State of the Union: Takeaways from President Biden's address to the nation

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Friday, March 8, 2024
Biden uses feisty State of the Union to contrast with Trump, sell voters on a second term
President Joe Biden delivered a defiant argument for a second term in his State of the Union speech Thursday night, lacing into GOP front-runner Donald Trump.

WASHINGTON -- The State of the Union address is one of the durable set pieces of the presidency, a forum that almost always favors the speaker in a one-way conversation with millions of Americans.

Most of the speeches are instantly dissected, and almost as quickly forgotten. But this is a most unusual year, with President Joe Biden needing to make the case not simply that his policies warrant a a second term, but that he has the personal capacity at age 81 to do the job.


He laid out the clear contours of the campaign ahead, criticizing former President Donald Trump over the Jan. 6 insurrection and going after the Supreme Court, with justices present, over its ruling that overturned Roe v. Wade.

Also, the shrinking size of a Snickers bar.

Here are some key takeaways from the speech.


Biden opened the speech with fiery denunciations of the rioters who stormed the Capitol on Jan. 6, 2021, then singled out Republicans in the chamber and GOP foe Trump. But he refused to utter Trump's name, saying that "my predecessor and some of you here seek to bury the truth about Jan. 6."

He wrapped that into a larger theme that democracy is threatened like no time since the Civil War, signaling a clear line of attack he will use against the man he would not name.

He also criticized "my predecessor" for Trump's assertion that Russian President Vladimir Putin can "do whatever the hell he wants" with respect to NATO allies, and he implored Congress to pass additional aid for Ukraine.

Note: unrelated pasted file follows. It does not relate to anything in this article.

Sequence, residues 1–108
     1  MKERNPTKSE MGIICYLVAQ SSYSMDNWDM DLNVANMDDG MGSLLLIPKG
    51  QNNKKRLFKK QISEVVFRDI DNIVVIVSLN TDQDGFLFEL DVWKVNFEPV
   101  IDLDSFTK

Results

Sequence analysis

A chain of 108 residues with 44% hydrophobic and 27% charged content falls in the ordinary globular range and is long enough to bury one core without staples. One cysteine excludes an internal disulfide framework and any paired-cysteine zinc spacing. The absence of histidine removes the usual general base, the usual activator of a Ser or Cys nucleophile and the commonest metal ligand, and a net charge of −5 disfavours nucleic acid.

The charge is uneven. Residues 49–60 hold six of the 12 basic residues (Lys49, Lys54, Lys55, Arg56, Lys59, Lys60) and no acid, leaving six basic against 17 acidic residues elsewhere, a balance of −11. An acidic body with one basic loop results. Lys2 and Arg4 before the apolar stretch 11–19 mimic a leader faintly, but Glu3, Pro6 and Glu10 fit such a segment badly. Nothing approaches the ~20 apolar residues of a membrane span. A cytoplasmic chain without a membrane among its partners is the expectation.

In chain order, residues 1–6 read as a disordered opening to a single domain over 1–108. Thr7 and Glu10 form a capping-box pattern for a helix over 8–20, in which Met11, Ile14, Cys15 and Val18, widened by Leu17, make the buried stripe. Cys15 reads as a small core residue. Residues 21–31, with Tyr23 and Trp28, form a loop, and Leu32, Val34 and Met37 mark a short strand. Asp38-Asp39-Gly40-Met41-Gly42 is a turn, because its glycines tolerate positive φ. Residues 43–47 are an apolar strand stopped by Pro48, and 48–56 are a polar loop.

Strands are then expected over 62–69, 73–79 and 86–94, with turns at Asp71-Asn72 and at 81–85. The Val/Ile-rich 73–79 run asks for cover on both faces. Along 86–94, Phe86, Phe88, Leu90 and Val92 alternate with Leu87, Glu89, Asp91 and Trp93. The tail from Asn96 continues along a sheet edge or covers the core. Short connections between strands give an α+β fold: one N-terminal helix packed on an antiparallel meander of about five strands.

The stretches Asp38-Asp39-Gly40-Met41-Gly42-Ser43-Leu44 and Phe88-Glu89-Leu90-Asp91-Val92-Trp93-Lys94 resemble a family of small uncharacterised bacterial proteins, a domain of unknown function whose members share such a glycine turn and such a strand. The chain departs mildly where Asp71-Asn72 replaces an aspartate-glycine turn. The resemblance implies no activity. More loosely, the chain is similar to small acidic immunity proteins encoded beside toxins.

Speaking with a vigor that his supporters have said has been lacking, he set up a contrast between his internationalist view of the world and the more isolationist leaning of his "predecessor."

President Joe Biden arrives for the State of the Union address on Capitol Hill, Thursday, March 7, 2024, in Washington, as Vice President Kamala Harris and House Speaker Mike Johnson of La., watch.
President Joe Biden at the State of the Union address on Capitol Hill, March 7, 2024, in Washington, as Vice President Kamala Harris and House Speaker Mike Johnson of La., watch.
AP Photo/Mark Schiefelbein

Biden used almost the entirety of the speech to find ways to try to persuade Americans of the contrast.


When asked about his age and how it affects is ability to be president, Biden's stock answer is: Watch me.

On Thursday night, he delivered what a lot of his own supporters had found wanting. It was a high energy, forceful speech, and at times he taunted Republicans with ad-libs. When they heckled his support for bipartisan border security legislation, Biden said, "Look at the facts, I know you know how to read."

President Joe Biden delivers his State of the Union address to a joint session of Congress, at the Capitol in Washington, Thursday, March 7, 2024.
President Joe Biden delivers his State of the Union address to a joint session of Congress, at the Capitol in Washington, Thursday, March 7, 2024.
AP Photo/J. Scott Applewhite